In turn, China said in a letter submitted for the Geneva meeting that bycatch of juvenile totoaba and habitat degradation both appear to be the larger problems. China did acknowledge that illegal trade occurred, although it downplayed its presence noting that law enforcement is ongoing. “Supervision and inspection to main domestic markets will be continuously enhanced to eliminate [open] sale of the totoaba bladder,” the letter reads. Yet a study by the Environmental Investigation Agency released last week to coincide with the Geneva meeting found that a lucrative black market is still very much alive in China. “Our investigation suggests there is a lot of totoaba available in the Chinese market,” said Claire Perry, team leader of the EIA oceans campaign, to ThinkProgress.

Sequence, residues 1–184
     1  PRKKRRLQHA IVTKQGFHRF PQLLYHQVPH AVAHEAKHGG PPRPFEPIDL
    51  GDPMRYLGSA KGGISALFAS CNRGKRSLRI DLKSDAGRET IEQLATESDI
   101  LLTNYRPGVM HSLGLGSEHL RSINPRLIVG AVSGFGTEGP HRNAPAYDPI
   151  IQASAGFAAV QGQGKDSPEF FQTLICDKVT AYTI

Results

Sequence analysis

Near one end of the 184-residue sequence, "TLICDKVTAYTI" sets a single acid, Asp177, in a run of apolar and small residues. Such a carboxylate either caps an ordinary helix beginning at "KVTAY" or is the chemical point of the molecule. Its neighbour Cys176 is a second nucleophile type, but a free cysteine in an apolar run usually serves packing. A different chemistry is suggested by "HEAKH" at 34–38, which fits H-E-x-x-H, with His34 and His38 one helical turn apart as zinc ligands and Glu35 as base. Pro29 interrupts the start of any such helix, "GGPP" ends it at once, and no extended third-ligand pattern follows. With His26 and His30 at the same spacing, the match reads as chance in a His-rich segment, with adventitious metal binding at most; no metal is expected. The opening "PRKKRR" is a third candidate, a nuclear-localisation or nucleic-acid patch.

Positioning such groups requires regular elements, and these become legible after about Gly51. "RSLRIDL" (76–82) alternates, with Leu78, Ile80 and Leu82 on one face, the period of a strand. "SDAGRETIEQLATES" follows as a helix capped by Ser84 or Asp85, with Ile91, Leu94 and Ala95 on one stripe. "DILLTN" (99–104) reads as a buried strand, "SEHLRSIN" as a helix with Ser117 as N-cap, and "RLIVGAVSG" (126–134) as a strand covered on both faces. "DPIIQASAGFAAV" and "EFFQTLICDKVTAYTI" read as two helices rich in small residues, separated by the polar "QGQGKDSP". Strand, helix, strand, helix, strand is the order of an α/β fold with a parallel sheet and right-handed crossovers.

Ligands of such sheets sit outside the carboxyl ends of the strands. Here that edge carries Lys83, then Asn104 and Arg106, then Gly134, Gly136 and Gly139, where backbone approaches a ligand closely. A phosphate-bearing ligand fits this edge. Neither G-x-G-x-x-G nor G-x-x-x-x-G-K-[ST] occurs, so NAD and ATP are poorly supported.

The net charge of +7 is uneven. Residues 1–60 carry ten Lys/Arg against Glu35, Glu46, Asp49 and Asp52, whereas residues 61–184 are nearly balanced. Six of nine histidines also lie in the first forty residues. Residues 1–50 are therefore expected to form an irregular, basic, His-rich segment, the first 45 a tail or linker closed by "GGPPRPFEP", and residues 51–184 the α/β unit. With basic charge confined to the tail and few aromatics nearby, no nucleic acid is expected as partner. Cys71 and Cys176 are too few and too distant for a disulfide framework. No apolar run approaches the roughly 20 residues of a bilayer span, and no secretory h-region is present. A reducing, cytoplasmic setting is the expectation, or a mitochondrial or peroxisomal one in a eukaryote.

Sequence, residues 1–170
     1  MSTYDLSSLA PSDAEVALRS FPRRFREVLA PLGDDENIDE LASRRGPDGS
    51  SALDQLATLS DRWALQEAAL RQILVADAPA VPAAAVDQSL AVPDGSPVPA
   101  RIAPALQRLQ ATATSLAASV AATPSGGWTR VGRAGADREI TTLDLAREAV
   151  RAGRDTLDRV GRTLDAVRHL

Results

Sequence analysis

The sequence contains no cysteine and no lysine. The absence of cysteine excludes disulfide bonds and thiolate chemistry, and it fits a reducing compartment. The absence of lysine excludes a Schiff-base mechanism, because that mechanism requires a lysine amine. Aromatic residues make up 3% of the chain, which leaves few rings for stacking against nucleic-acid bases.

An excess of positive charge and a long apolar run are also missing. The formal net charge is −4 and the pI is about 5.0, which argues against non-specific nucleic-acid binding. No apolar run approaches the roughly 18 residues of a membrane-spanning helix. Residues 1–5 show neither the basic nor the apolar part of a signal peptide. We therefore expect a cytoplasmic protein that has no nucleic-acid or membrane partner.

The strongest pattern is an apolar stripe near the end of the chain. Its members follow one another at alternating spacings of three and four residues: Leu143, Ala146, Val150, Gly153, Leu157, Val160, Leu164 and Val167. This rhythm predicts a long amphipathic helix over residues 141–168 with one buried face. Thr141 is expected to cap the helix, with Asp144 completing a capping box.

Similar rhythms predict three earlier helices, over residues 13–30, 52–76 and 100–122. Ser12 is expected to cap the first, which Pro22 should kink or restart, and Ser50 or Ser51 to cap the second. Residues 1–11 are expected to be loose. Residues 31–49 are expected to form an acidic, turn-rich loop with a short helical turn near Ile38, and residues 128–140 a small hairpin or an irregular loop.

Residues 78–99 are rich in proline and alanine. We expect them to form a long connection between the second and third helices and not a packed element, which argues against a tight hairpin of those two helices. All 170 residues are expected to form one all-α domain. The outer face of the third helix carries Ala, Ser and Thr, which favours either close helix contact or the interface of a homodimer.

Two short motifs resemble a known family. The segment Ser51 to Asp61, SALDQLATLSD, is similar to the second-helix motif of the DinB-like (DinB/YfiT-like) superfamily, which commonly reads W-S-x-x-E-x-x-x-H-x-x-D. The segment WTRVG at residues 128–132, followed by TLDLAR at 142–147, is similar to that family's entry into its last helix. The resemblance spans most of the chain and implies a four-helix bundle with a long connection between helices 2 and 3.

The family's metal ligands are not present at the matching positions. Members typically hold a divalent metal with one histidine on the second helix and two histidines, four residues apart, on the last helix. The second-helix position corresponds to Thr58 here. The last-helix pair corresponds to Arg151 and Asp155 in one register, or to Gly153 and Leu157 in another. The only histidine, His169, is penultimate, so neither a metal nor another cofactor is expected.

She said high prices remain, despite a reported drop that Perry attributed to “a massive spike” in the illegal trade and totoaba availability. ”Traders are telling us that they are holding back on the stock that they have, they want the price to go up,” said Perry. “Once that happens, which inevitably it will, you can expect another surge in poaching in Mexico.”
Meanwhile, totoaba seizures in California ports of entry have declined, according to U.S. Customs and Border Protection data provided to ThinkProgress. In fiscal year 2013, there were 10 seizures of totoaba. The following year there were three, and last year the agency recorded a single smuggling attempt. Numbers detailing how many pounds of totoaba were confiscated in recent years wasn’t provided, but a CBP spokeswoman said via email that while these figures show a decline in totoaba seizures, that’s not necessarily indicative of a decrease in the overall illegal trade in totoaba.